Japan’s ground defence force in biggest organisational shake-up amid North Korea threats and China tensions
Japan’s Ground Self-Defence Force to get its own central headquarters to control its units, which belong to five regional armies
Japan’s Ground Self-Defence Force underwent its biggest organisational shake-up Tuesday, in the midst of a challenging security environment, with its command streamlined for flexible operations nationwide and the creation of amphibious forces tasked with defending remote islands.
The launch of the Ground Component Command to provide unified command over regional armies and the Amphibious Rapid Deployment Brigade, Japan’s version of the US Marines, came as Tokyo seeks to strengthen its defences against North Korea’s nuclear and missile programmes and China’s maritime assertiveness.
“We are expecting more situations in which the Ground, Maritime and Air Self-Defence Forces have to work together to rapidly respond at a nationwide level against ballistic missile launches, attacks on islands and major disasters,” Defence Minister Itsunori Onodera said.
A senior GSDF member said earlier that establishing a central command headquarters was a “deep desire” of the organisation, which was established as part of the Self-Defence Forces in 1954.
Unlike the air and maritime services, the GSDF had no central headquarters to control its units, which belong to five regional armies, each operating under commanding generals. Therefore, orders had to be issued to each regional army to mobilise its divisions and brigades.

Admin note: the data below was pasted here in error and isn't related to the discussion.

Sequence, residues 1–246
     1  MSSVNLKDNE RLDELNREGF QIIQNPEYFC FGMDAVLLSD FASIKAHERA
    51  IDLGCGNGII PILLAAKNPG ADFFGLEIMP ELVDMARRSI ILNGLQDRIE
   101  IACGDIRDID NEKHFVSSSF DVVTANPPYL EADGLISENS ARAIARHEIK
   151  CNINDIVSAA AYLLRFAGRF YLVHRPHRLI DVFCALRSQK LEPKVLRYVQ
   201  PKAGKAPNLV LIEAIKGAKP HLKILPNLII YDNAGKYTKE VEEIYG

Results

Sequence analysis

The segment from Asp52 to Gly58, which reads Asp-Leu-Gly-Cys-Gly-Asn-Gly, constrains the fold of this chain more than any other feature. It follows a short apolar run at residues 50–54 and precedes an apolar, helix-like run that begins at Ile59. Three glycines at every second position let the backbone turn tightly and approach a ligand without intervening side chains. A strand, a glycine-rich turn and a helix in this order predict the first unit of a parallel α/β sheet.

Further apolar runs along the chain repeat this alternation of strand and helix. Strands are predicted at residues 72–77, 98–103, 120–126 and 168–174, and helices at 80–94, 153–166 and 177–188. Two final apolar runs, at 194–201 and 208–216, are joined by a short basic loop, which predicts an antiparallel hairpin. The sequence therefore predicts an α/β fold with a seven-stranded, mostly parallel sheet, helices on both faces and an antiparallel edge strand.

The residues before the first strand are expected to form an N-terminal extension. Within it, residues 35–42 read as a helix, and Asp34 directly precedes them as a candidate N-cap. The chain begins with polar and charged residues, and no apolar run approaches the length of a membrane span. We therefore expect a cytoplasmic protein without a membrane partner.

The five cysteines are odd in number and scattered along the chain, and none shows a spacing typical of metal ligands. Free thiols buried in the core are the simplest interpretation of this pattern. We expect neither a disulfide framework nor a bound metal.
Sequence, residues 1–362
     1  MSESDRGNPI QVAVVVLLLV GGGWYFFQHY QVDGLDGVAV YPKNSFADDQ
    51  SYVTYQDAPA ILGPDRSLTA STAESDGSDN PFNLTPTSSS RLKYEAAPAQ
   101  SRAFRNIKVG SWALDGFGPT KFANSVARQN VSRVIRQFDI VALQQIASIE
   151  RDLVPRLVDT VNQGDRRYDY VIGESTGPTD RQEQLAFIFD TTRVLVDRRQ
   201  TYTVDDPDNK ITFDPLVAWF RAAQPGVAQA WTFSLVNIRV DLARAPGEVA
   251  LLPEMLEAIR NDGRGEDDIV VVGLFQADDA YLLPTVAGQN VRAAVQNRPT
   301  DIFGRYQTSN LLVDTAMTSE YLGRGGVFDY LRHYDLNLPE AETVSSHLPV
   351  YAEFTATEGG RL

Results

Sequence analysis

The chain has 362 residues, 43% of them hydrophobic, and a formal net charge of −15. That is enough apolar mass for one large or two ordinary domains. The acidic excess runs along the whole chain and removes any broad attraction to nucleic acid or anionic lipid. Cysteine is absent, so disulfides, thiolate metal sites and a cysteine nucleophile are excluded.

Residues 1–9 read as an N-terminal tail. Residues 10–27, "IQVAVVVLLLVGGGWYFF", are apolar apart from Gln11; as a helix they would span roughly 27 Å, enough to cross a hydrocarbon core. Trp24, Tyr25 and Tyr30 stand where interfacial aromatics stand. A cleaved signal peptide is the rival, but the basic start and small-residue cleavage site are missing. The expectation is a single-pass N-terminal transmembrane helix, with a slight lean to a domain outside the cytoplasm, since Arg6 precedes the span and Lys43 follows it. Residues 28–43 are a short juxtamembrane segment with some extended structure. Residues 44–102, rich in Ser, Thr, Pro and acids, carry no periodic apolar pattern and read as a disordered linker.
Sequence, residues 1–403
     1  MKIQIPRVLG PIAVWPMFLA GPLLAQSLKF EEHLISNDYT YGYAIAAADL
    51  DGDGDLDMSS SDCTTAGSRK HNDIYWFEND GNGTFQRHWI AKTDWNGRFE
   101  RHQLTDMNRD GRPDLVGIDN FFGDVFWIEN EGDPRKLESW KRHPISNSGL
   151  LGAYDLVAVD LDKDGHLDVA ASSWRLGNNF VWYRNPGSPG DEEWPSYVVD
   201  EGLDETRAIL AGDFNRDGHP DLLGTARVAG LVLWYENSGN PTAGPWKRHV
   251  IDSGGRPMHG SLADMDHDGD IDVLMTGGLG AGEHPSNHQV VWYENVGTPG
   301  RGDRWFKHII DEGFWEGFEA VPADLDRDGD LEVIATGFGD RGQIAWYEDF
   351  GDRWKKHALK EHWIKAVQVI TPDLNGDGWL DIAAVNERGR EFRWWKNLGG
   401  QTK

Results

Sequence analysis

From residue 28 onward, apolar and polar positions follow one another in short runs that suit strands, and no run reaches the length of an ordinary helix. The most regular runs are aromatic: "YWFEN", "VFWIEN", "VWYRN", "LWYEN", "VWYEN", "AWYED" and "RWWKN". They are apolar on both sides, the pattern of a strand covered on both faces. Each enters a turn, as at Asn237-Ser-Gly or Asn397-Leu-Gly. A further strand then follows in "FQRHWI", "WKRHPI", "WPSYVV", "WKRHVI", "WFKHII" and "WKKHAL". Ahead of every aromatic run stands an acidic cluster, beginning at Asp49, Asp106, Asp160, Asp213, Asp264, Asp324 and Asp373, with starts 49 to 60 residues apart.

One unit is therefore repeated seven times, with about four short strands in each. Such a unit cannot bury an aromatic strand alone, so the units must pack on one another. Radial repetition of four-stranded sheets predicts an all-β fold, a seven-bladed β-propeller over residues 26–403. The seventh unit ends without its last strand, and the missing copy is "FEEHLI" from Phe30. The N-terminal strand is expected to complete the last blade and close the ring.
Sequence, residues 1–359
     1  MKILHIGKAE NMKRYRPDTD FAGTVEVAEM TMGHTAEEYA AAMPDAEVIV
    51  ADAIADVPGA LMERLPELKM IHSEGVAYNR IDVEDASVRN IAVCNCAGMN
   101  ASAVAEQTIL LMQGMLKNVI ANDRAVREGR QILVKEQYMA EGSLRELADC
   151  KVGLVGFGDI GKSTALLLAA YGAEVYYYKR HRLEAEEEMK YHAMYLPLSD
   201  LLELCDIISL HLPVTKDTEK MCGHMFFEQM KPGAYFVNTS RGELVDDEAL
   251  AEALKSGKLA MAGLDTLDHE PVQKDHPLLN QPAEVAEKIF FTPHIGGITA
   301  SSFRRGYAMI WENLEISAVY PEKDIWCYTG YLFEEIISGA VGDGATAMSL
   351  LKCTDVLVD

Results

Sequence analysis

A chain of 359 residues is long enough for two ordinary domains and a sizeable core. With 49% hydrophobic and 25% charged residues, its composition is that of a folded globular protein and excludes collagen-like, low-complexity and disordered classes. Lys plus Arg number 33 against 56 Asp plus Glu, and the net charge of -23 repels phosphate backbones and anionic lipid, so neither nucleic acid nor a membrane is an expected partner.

The GSDF’s command structure remained decentralised amid bitter memories of the Imperial Japanese Army’s intervention in politics and its role in wartime military aggression, some political experts say.
But a tougher security environment surrounding Japan has pushed the government to launch the Ground Component Command under its medium-term defence build-up plan approved in 2013.
Onodera asserted that civilian control over the military would be properly maintained “based on pre-war lessons”.
Headquartered at the GSDF’s Asaka base that straddles Tokyo and Saitama prefectures, the Ground Command Component will play the role of coordinator not only with other SDF units but also with the US military.
The GSDF’s first full-scale amphibious operations unit – the other highlight of the reorganisation – was launched with around 2,100 members mainly drawn from the Western Army’s infantry regiment stationed at Camp Ainoura in Sasebo, Nagasaki Prefecture.
The GSDF amphibious brigade would be tasked with retaking Japanese islands, stretching southwest from Kyushu toward Taiwan, if they are illegally occupied.
The isles include Miyako Island, which is about 210 kilometres from the Japan-controlled Senkaku Islands in the East China Sea that are claimed by China, which calls them Diaoyu.
Chinese government vessels have repeatedly entered Japanese waters around the islands, creating tension.
But the amphibious brigade still appears to be a fledgling unit, with the government yet to secure a permanent base for the Osprey tilt-rotor aircraft that will play a key role in the transport of troops.
The government plans to deploy 17 newly acquired US-made V-22 Ospreys at Saga airport in southwestern Japan, with their delivery to Japan expected from around the fall.
But the government has not won local consent and is not in a situation to push through the plan due to a GSDF helicopter crash in Saga Prefecture in February.
The Ground Component Command is headed by Lieutenant General Shigeru Kobayashi, who formerly led the GSDF’s Central Readiness Force, and the Amphibious Rapid Deployment Brigade is led by Major General Shinichi Aoki, former deputy chief of staff of the Western Army.